Dan Galdenzi: 108 countries and 10 U.S. states have banned recreational trapping

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This commentary is by Dan Galdenzi, a resident of Stowe.

If you’ve ever attended a Vermont Fish and Wildlife Board meeting, you’d have the sensation of being whisked away to another time long ago. It’s as if the people in the room have just been unfrozen from a 75-year deep freeze and think they are doing the people’s work from circa 1950. 

Let me set the stage. The Fish and Wildlife Board members are political appointees with one board member from each of the 14 counties in Vermont. This board exists to ostensibly represent the people of their respective counties. However, there are no requirements to qualify, other than living in the given county they represent.

Said another way, they are not required to have any skills or knowledge in biology, science, biodiversity or even wildlife. The entire board is made up of hunters and trappers, who represent only 13% and 0.01% of Vermonters, respectively. 

The appointment process for the board members is an opaque one. In fact, most of the current appointees never even submitted an application. Although many others did send applications, they never heard back. It seems the one quality they must all possess, in addition to the desire to kill animals, is knowing someone else on the board or at the Fish & Wildlife Department. Cronyism at its finest. 

So, while 77% of us are not being represented by our Fish and Wildlife Board appointees, they’re hard at work trying to further the rights of the minority interests they overwhelmingly represent while ignoring petitions, surveys, facts and, really, the entire natural world around them — climate change, biodiversity collapse, animal welfare, and public opinion be damned.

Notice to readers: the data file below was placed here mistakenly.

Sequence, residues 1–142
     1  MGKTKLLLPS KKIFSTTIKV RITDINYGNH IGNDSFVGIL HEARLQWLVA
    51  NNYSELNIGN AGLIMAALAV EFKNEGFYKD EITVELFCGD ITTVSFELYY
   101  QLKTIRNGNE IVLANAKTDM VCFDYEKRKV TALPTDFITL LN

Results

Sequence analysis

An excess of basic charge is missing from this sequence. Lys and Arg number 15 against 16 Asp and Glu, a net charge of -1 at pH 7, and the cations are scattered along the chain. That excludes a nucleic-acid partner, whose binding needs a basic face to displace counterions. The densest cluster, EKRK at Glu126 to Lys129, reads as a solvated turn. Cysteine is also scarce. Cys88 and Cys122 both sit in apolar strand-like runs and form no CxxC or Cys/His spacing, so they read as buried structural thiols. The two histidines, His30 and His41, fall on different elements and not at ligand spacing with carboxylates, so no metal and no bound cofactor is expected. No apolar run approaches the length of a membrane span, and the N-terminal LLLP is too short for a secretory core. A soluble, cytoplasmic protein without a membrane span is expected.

A recent survey the Vermont Fish & Wildlife Department conducted asked the question: “Do you support recreational trapping?” Over two-thirds of Vermonters responded, “No.” This was not the outcome the carefully crafted survey questions expected and it caused a wave of concerns inside the echo-chamber of both the Fish & Wildlife Department and its board. 

During the most recent Vermont Fish and Wildlife Board meeting on Wednesday, April 5, the department’s commissioner was asked, “What exactly is recreational trapping?” “That’s a misnomer,” the commissioner quipped. 

A misnomer? So, the very survey questions his department crafted and approved didn’t have the results they wanted, so instead, the commissioner gaslights the large majority of Vermonters’ opinions as a misnomer. Not surprisingly I suppose, because he too, like his board members, has zero qualifications in biology, science or biodiversity. He is another political appointee of the governor who is in lockstep with the paid trapping lobbyists who roam the halls of the Statehouse. 

Let me help the commissioner understand. Recreational trapping is the trapping of animals with leghold traps, body-gripping traps and underwater drowning traps for hobby, tradition or heritage. It is not trapping for property or infrastructure damage, nor is it the trapping for targeted research. 

His department goes to great pains to conflate these methods so he can say it’s necessary. It is not. The same trapping hobby that 108 countries and 10 U.S. states have already banned. That’s recreational trapping, Commissioner. 

There are two bills in the legislature right now — H.191 and S.111 — that represent the majority of Vermonters’ opinions by putting an end to recreational trapping. If you don’t support recreational trapping, then your Fish and Wildlife Board member does not represent you.


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